Advertisement
 
YOU ARE HERE: LAT HomeCollectionsTrials

HEARTS OF THE CITY: Exploring attitudes and issues behind the news. : O.J. Terminus

Essay / Robert A. Jones

September 27, 1995|Robert A. Jones

Remember the time--only last summer, wasn't it?--when the days of O.J. seemed to stretch toward the horizon like the caribou in Alaska. Like the cod in the sea. No end in sight. You couldn't count them, there were so many.

But one by one, the trial days have dropped in their tracks. Kato, gone. Rosa Lopez, gone. Bloody glove, gone, gone. And now the days of O.J. have withered down to a few and taken on the pitiful look of a species pushed to extinction. We have gunned them down, one after another, sliced them up--pardon the phrase--and we will pay the price. Soon, we will all wake up one morning and face life without O.J.

What will happen to us then? We don't know. The situation has no precedent. All we know for certain is that one day soon we will rise from our beds as usual, pad down the hall to the TV room, click to the E! channel, and there will be reruns of "I Love Lucy." No O.J.

Believing the E! channel has suffered a technical glitch, we will click to Court TV. And there we will see Joey Buttafuoco at a probation hearing, smirking at his judge. No Marcia. No Johnnie. Just the smirking Buttafuoco, looking for all the world like the second feature in a Saturday matinee.

And that's when we will begin to feel it. O.J. gone, finito, for real. We will look at each other and not know what to say. How will we pass the time without O.J.? How will we get through dinner parties or ride in elevators?

Probably, in those first days, some will forget that O.J. is gone. They will get onto elevators, turn to the person next to them and say, offhandedly, "Hey, wattaya think, O.J. gonna walk?" And a quiet will fall over the elevator as everyone gets embarrassed because, of course, they will all know whether O.J. walked or not. And the faux pas-person will realize his mistake and stare at the doors, praying for his floor to come quickly.

So sad. O.J. has given us suspense, a family, a story to fill our lives, and lots of social lubrication. O.J. came to us free of charge, like a gift, and we have no replacement. How do we get along when the gift is taken away?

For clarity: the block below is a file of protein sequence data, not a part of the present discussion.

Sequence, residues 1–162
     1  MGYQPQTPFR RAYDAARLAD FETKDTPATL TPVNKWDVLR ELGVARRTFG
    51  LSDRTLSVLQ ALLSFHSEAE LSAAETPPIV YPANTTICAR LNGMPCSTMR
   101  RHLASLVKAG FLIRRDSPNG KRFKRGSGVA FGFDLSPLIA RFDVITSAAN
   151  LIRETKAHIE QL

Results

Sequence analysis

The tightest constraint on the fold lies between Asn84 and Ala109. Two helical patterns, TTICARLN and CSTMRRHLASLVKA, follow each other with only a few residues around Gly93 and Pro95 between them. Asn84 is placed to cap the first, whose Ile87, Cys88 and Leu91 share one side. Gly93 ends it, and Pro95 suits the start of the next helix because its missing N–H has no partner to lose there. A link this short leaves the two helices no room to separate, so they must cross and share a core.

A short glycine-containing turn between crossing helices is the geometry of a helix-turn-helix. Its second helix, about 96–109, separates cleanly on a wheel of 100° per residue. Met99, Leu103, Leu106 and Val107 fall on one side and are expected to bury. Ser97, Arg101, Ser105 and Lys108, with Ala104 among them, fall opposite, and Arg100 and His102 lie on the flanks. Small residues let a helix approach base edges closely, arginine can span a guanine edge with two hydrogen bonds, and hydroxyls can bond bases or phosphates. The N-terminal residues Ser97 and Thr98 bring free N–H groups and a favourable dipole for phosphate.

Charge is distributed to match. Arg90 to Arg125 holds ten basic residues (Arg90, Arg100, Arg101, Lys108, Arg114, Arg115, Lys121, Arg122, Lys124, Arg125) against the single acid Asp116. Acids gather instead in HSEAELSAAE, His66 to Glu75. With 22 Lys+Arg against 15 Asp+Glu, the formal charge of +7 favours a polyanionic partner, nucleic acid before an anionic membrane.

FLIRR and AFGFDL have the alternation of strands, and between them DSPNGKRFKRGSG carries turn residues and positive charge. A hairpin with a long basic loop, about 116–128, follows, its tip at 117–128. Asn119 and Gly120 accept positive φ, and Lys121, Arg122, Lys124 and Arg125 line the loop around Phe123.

A mystery. Maybe we will stall out completely, like streetcars waiting for a restart. After O.J., why get up in the morning? Why go to bed? Why talk about the kids--where did the kids go, anyway?--or taxes or Newt or anything, since we already know the answer to the only question worth asking.

Oh, sure, a few will try to get interested in other stuff. Some will try Sunday football until they discover that L.A. has no Sunday football. It disappeared somewhere mid-O.J. Then, more desperate, they will notice that the usual suspects are running for President again, right on schedule. And they'll say to themselves, here's something we can use to forget our loss of O.J.

About that time, President Clinton will propose a weekend talkathon on the deficit, Bob Dole will disclose his no-entitlement approach to kiddie moms on AFDC, and everyone will remember why they switched to O.J. in the first place.

Of course, the Menendez brothers will try gamely to fill the void. Their retrial will start and all the reporters laid off from O.J. will show up, hoping desperately that the brothers have the right stuff. The reporters will write long stories full of rumors about more bloody gloves and beautiful, blond girlfriends.

But somehow it won't click. After O.J., the Menendez brothers will seem like methadone maintenance. No rush. The brothers will be convicted as media flops and hauled off to a minor league venue in Fresno. No one will understand why they failed anymore than they understand why O.J. kept his power over our lives.

It could be, too, that Marcia and Johnnie, missing O.J. even more than us, would do dramatizations of especially poignant moments in the trial. They could call it "O.J. Classics" and yell at each other the way people do on "The Capitol Gang." In the end, though, it would just put off the day when we must face life without O.J.

In the end, it's my guess that we will need something like a 12-step program to break O.J.'s hold and get on with our lives. Perhaps every neighborhood could form a group. People will stand and confess that sometimes in the hours before dawn they sneak into the TV room and replay old tapes of favorite days. Or tune in to a chat room on the Internet that pretends the trial never stopped.

And others will nod, yes, yes, they have done the same. Finally someone will suggest that everyone cut their grass the next Saturday as a kind of group therapy, a diversion from O.J. depression, especially since the weeds now stand four feet tall, not having been mowed since the day O.J. tried on the gloves. And everyone will nod weakly, agreeing that it's worth a try.

*

So they will cut the grass and the next weekend the fathers will take their sons out to play softball. Someone will notice how good the sun feels and how you can smell the leather on your hands after a hard game. Slowly, life will return.

Finally, many months later, a couple will be watching TV and click on the E! channel. "Talk Soup" will be playing. The wife will make a distant connection in her memory and say to her husband, "Isn't that the show that Kato once hosted?"

The husband, staring at the screen for a long moment, will reply, "Kato who?" And then they will be free.

(BEGIN TEXT OF INFOBOX / INFOGRAPHIC)

The Beat

People concerned about crime in their community can help make a difference. Volunteers of America of Los Angeles will match volunteers with agencies; call (213) 484-2849.

Those who wish to volunteer with the Southern Christian Leadership Conference should call (213) 295-8582. For more involvement opportunities, see story below.

Advertisement
Los Angeles Times Articles
|
|
|